We train teams to work with confidence and competence. Call us at 484 381 0532. Email us at firstname.lastname@example.org.
I told the nurse, “no that is not what I want, for my child,” and aahh, I was a mama. Today I am exploring the moment I discovered I was a mama, one of my favorite moments in my life.
My husband and I tried for four years to have a child before my Simmie was born. This is not the post to discuss all the doctor’s visits, disappointments, medications, and heartbreaks. This is also not the place to discuss the joy of discovering I was pregnant or my, now hysterically funny reaction to the news. This post is all about the moment when I actually and really discovered I was a mama.
I spent the day my daughter was born going through labor while moving and doing laundry. I was in labor for seventeen hours before she was born. I remember sitting in the labor room listening to gospel music and having my husband read Songs of Solomon from the Bible to me. I wanted him to read to me from the Bible. At the same time, I didn’t want to hear about any smiting, war, or pestilence. So, Song of Solomon was what this patient ordered.
The funniest part of labor was Darren watching the machine that tracked the contractions. It told you the level of the contraction before you actually felt them. After looking at one part of the printout, Darren said, “Wow, this one coming is a big one. It is four times bigger than any of the other ones.” Well, at that point I told Darren he was no longer allowed to give me contraction reports. I was having enough fun having them, I did not need warning of impending pain.
I know there was pain, stitches, pushes, and contractions, but I do not remember all of that. Many people have said that the pain of childbirth is forgotten after birth. In my case, it was forgotten immediately after. I remember because Darren asked me if I would agree to have another child and I said I would.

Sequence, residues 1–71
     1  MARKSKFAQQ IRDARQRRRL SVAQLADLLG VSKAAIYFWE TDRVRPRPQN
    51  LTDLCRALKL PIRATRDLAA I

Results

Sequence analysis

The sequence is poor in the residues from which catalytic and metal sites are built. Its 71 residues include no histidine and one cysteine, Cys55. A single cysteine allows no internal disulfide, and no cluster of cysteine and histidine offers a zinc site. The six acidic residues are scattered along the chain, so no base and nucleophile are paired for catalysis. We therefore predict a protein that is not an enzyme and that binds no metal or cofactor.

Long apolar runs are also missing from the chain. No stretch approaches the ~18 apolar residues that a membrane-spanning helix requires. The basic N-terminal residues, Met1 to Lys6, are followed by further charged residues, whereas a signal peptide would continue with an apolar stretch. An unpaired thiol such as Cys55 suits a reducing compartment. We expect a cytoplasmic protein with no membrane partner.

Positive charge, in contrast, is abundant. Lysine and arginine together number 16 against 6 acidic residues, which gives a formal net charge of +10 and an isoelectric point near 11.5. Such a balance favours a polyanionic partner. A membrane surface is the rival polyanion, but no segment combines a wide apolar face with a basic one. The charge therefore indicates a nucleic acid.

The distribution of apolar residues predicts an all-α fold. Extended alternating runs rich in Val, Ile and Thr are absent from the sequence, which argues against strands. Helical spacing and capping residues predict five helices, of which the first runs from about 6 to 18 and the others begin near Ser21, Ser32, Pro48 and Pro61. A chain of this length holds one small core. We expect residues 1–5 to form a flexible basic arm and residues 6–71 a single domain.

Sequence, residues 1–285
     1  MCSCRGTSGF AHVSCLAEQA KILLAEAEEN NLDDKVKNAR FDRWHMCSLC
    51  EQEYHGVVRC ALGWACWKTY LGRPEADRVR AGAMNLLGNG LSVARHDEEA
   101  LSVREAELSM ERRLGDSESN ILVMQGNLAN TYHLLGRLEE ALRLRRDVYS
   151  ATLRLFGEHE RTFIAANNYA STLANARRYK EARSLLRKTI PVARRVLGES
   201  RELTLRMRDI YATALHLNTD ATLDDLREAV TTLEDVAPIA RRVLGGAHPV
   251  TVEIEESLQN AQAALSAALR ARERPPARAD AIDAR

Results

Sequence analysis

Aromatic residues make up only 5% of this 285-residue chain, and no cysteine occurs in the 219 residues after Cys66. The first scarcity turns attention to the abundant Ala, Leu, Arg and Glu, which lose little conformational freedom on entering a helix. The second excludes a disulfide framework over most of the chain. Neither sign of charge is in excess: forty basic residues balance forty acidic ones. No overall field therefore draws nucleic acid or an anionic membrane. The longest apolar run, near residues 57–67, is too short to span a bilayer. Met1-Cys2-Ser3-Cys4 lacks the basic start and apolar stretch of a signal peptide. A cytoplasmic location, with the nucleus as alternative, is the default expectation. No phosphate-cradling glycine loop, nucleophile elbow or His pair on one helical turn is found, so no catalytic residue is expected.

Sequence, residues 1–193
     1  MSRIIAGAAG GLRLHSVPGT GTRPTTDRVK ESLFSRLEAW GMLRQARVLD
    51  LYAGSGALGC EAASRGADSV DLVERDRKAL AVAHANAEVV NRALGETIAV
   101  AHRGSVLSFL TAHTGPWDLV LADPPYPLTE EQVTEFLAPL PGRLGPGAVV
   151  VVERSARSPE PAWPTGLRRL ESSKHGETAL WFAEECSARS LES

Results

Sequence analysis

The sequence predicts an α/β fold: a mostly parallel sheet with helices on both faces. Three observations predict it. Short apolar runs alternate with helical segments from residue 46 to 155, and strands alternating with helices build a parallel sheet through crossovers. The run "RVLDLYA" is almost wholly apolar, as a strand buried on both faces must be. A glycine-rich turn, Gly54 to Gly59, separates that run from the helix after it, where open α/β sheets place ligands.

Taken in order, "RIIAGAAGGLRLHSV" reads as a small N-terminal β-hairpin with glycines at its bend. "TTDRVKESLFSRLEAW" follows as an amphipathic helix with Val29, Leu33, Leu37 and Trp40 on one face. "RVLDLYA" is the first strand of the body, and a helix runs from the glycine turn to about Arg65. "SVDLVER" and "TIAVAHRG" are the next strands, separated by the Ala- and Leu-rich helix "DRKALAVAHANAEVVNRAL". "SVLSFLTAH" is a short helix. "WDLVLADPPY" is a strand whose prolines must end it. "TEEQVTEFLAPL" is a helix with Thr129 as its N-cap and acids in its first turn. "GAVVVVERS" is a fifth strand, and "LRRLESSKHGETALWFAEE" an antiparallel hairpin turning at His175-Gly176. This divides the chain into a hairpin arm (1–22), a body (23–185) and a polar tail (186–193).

After everything was said and done, and I was in my hospital room, the nurse bought my baby to me. The medical staff had told me it would be two hours before they finished their evaluations and tests and bought my daughter to me. At two hours and two minutes, I told Darren that if he did not get up and go get my baby NOW I was going to do it and it wouldn’t be pretty.
Now I realize that after my intense labor and delivery I could hardly walk. But, I am one determined person and I was going to get my baby. I gave my darling husband one of those looks and he went to talk to the nursing staff. Long story short, the nurse bought my beautiful, wonderful, miracle baby to me.
I picked her up, hugged her, and loved her. A big part of wanting her was that I wanted to breastfeed. So when she was brought to me I started breastfeeding my daughter. It was a wonderful experience, I could not believe that not only did I bring a child into the world, but my body was also keeping her alive. Later a nurse offered to give her a pacifier and take her to the nursery.
She explained it would allow me to sleep and that if she got hungry they could give her a bottle for me. I was against pacifiers and against bottle feeding. In addition, even though my daughter had only been alive for a few hours, I knew what I wanted and how I wanted her life to go.
I told the nurse, no, I don’t want that for my baby. She was going to stay with me and I was going to nurse her. It did not matter what the nurses wanted. Their decisions were not the ones that mattered to me and they did not control the destiny of my child. I was making choices and decisions for my child. She was less than 24 hours old and I was making decisions concerning her welfare. And then aahh, that’s when it hit me, I was a mama. So the question for you this magnificent day is when did you first realize you were a parent?